• In Baltimore's forgotten Chinatown, a new festival will celebrate Asian-American history and culture

    A once-bustling section of downtown will come alive again Saturday with the Charm City Night Market, a block party celebrating Asian-American and Pacific Islander culture in Baltimore. That’s the hope, at least, of the Chinatown Collective, a volunteer-run organization of young Baltimoreans that created the first-ever event. Located in the city’s historic Chinatown along Park Avenue downtown, the festival aims to remind attendees of Baltimore’s Asian history and culture while showcasing the work of restaurateurs, artists and vendors, said organizer Marisa Dobson. (Balt. Sun) Read Full Article


  • Maryland teachers union seeks to block Hogan from using apple logo

    The teachers unions of Maryland and Montgomery County want a judge to block Gov. Larry Hogan from using an apple logo on his campaign materials to suggest support from teachers in the state. They plan to file a lawsuit Friday morning in Montgomery County. A draft of the suit that the unions released Thursday to media outlets outlines their request for a restraining order against the Republican governor that would stop him from using logos similar to the unions’ “apple ballot” image. The unions “have a legal obligation to vigorously defend this trademark against infringement no matter the candidate or political party,” Maryland State Education Association spokesman Adam Mendelson said in a statement Thursday evening. (Balt. Sun) Read Full Article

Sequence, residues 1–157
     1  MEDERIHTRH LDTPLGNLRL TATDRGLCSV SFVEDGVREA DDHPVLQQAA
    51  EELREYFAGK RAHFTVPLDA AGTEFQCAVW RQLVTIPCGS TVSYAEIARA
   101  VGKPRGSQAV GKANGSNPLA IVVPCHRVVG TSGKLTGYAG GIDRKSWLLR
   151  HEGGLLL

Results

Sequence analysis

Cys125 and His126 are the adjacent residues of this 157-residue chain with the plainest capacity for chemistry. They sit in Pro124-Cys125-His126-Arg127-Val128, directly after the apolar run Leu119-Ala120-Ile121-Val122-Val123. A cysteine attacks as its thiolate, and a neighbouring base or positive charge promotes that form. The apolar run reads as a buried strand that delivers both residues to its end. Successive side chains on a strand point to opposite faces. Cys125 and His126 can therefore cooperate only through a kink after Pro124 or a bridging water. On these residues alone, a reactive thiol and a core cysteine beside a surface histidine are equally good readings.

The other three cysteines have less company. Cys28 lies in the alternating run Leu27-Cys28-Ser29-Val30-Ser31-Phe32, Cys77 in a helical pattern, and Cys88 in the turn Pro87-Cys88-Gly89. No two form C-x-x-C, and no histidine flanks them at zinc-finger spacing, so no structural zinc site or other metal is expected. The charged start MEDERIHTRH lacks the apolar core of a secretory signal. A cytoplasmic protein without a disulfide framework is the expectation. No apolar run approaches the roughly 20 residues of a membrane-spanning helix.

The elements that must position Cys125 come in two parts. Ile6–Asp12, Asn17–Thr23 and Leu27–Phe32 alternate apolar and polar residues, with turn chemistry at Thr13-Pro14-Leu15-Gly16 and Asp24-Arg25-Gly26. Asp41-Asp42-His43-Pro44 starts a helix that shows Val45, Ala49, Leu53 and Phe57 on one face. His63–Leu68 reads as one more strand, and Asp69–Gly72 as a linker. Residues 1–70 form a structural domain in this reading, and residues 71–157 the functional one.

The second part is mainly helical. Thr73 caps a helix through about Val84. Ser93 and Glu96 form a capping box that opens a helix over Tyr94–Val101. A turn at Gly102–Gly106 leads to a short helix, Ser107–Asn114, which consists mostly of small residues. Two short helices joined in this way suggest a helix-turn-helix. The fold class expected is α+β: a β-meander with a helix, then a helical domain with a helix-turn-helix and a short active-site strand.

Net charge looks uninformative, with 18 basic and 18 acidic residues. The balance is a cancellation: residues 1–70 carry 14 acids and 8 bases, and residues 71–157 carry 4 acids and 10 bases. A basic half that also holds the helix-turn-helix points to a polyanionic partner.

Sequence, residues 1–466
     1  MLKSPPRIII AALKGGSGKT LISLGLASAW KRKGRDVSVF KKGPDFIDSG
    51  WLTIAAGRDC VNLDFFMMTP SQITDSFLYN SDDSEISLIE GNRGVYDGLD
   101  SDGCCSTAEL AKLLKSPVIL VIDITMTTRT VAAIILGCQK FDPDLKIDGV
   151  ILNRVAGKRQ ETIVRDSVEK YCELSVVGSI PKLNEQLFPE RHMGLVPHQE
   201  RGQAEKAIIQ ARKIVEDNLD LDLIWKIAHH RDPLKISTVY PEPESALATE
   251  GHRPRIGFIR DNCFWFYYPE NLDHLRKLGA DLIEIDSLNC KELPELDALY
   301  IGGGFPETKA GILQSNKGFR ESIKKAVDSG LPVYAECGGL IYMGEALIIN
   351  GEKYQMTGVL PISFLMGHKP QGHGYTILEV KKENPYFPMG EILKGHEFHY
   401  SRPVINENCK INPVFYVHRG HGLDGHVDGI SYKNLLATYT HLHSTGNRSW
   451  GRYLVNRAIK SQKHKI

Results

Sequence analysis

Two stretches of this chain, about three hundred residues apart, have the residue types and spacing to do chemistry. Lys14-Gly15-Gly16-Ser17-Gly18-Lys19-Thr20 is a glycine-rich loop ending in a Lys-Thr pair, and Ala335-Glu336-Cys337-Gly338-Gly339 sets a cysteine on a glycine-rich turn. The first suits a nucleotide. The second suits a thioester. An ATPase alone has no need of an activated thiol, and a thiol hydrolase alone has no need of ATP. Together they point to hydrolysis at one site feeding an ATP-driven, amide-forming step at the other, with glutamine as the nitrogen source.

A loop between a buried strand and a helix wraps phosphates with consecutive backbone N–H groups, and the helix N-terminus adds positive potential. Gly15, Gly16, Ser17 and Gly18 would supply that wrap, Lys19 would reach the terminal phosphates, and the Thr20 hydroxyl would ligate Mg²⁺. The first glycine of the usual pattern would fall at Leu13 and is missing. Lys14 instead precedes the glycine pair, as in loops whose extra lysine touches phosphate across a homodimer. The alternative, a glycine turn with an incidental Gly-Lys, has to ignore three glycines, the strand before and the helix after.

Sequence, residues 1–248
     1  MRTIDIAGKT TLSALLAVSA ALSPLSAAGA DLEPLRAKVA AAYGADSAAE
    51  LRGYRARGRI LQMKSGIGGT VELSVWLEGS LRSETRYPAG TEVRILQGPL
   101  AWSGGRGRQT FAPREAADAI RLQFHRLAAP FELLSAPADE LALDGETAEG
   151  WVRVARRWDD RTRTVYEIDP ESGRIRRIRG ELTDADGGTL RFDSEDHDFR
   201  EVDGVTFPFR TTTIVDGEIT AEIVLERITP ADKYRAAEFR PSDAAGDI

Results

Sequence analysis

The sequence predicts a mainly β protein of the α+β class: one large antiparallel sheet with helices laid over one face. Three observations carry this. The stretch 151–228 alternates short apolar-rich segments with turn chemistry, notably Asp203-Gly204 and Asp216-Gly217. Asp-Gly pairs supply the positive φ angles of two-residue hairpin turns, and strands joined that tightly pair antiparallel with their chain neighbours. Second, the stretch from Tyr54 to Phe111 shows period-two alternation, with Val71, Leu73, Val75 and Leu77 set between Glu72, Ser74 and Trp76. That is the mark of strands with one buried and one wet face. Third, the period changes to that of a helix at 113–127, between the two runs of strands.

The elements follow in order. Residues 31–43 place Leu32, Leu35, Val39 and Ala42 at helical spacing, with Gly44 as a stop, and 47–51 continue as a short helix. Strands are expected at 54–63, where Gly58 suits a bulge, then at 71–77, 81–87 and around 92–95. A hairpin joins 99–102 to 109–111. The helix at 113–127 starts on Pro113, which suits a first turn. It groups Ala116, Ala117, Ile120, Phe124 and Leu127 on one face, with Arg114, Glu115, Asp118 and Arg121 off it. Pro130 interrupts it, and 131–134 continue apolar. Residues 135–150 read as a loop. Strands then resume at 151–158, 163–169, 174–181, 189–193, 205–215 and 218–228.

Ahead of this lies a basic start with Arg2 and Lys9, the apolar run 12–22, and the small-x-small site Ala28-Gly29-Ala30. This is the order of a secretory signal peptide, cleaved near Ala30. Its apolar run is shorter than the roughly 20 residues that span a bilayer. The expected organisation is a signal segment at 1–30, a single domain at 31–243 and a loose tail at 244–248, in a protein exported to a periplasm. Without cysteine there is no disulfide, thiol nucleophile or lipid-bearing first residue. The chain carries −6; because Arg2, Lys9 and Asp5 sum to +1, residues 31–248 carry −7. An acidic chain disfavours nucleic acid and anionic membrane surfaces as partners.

• Baltimore County consultant considering school facility conditions in possible plans to combat overcrowding

    After meeting with stakeholders in July, Sage Policy Group, hired by Baltimore County Public Schools to come up with solutions to staunch overcrowding in county high schools, has trimmed from seven to three the number of scenarios, as well as taken into account facility conditions. “We went back to drawing board and looked at what people said they wanted and didn’t want,” Anirban Basu, CEO of Sage Policy Group, said. Basu and his firm are presenting the three revised proposals that take both both capacity and conditions into account at a series of public input meetings, during which the public has a chance to learn more about the scenarios. (Balt. Sun) Read Full Article

  • Renowned architect Renzo Piano to design new Johns Hopkins building

    The architect behind the Shard in London and the New York Times Building in New York is set to design the headquarters of the new Stavros Niarchos Foundation Agora Institute at Johns Hopkins University. Renzo Piano, 81, is an Italian architect and 1998 recipient of the Pritzker Prize, regarded as architecture’s most important award. The Stavros Niarchos Foundation Agora Institute will be an interdisciplinary center, dedicated to the idea of strengthening democracy through civic engagement and discourse worldwide. (Balt. Bus. Journal) Read Full Article

  • University of Maryland virus institute joins hunt for opioid treatment